Steinmeier offers four methods to capture these strands. The first is electrical solidification, which involves solidifying the stranded wire into a solid copper block by passing a high electrical current through the block via top and bottom tungsten electrodes. Force on the top electrode helps compress and solidify the stranded wire. The solid block is then welded to the terminal.
Another option is making a V-shaped groove or one-half-diameter arc on the electrode tip, and then placing the strands within this area during welding. This method may not capture and weld all strands, plus it presents the challenge of cleaning and maintaining the tip, and the possibility of the top electrode shorting out against the bottom one and terminating the welding process.
The pig tail insulation method involves separating, but not removing, insulation from the wire (to reduce wiring spreading during welding) and contacting the exposed wire strands with a flat rectangular top electrode. A final option is to design your fixture with guideposts or retaining pins that hold the stranded wire over the terminal and prevent the strands from spreading during welding. This design can accommodate one or more terminals.
“Aluminum wire can be resistance welded, but it is a challenge,” notes Marty Mewborne, sales engineering manager at Amada Miyachi America. “The problem is the top layer oxidizes and the wire quickly weakens.”
To overcome the problem, Mewborne recommends harness makers use copper terminals with aluminum cladding on the end. These terminals enable an aluminum-to-aluminum weld.
For decades, European electric-motor manufacturers Bosch, Siemens and Volkswagen used machines or chemicals to strip the enamel coating off the ends of magnet wires before crimping them to copper ring terminals or sleeves. Strunk Connect GmbH & Co. KG changed all that in 2010 with the introduction of hot crimping, a technology that vaporizes the insulation during crimping of the wire and terminal or sleeve. Besides increasing manufacturers’ productivity, the technology improves weld strength by minimizing stress on the copper in the wire and terminal.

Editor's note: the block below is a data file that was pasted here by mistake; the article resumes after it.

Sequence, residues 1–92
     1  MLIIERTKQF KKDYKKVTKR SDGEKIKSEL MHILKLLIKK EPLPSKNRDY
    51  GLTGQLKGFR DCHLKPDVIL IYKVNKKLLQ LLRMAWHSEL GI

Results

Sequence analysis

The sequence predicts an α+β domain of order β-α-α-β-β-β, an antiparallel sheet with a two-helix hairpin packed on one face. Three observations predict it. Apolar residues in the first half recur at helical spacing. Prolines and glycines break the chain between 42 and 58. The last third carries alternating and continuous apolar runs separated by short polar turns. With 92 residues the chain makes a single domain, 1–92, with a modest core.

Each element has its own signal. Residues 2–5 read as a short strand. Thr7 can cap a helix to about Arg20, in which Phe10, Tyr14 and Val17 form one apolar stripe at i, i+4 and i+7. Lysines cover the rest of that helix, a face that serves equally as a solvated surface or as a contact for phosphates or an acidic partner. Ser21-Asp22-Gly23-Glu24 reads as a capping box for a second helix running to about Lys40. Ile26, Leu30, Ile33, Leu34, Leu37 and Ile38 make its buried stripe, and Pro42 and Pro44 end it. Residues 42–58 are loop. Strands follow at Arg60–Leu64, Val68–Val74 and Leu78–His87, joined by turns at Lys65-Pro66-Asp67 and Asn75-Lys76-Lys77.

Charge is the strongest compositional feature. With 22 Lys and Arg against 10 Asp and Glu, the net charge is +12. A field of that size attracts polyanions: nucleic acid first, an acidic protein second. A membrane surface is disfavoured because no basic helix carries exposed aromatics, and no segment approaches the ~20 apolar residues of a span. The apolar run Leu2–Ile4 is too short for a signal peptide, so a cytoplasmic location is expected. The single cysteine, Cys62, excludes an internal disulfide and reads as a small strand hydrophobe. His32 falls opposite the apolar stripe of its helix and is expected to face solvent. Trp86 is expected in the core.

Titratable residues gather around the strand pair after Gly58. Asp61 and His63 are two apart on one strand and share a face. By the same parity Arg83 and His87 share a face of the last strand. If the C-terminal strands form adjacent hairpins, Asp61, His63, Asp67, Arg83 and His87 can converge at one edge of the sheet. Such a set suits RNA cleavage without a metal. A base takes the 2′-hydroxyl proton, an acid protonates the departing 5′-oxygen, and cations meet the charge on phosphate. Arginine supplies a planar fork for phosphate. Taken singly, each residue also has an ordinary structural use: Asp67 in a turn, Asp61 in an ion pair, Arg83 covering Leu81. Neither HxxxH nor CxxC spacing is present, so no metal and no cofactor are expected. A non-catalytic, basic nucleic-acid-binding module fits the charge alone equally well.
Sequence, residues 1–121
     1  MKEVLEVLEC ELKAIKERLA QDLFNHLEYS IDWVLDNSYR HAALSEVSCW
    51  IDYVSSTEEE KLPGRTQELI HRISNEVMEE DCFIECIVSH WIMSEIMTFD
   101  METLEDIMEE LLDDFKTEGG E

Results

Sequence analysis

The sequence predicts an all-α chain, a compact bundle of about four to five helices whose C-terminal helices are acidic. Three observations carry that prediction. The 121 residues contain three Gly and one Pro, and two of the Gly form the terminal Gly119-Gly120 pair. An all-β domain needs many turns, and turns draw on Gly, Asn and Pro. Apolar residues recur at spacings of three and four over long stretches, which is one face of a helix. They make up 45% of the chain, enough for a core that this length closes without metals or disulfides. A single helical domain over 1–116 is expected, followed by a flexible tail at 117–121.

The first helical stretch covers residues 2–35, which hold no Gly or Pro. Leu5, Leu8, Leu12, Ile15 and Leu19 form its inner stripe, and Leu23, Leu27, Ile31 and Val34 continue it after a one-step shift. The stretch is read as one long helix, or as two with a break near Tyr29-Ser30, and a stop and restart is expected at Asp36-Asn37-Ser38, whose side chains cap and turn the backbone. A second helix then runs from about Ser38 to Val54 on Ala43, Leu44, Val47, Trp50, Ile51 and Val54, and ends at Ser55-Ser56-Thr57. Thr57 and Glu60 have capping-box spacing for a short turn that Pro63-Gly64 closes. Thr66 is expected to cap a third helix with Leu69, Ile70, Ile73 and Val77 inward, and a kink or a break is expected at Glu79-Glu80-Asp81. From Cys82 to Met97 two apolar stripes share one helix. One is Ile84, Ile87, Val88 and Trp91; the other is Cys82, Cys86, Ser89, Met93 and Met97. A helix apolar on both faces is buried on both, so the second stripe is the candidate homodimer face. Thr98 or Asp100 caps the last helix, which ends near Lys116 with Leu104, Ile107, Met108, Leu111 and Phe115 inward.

Similar to resistance welding, hot crimping relies on heat generated by the electrical resistance of the material being welded and the force used to hold the materials together during welding. Unlike resistance welding, hot crimping uses specially designed welding heads that join the wire to the terminal with nearly zero contact resistance.
Heinz Bockard, managing director of Strunk Connect, says the technology can join standard and high-frequency (current above 10 kilohertz) magnet wire and uninsulated copper wires. Magnet wire is made of copper or aluminum and coated with a very thin layer of enamel or polymer insulation. Hot crimping can weld wire diameters from 30 AWG up to 300 MCM (300,000 circular mils).
On a semiautomatic benchtop machine, a worker places the coil wound with magnet wire into the machine, inserts open wire ends in the terminal and activates the weld cycle. Within milliseconds, the welding heads release enough current to produce a temperature of about 700 C at the terminal, vaporizing the insulation and welding the wire ends to each other and the terminal. Over the next several seconds, the terminal cools down to 100 C and then 45 C before it is manually removed from the machine.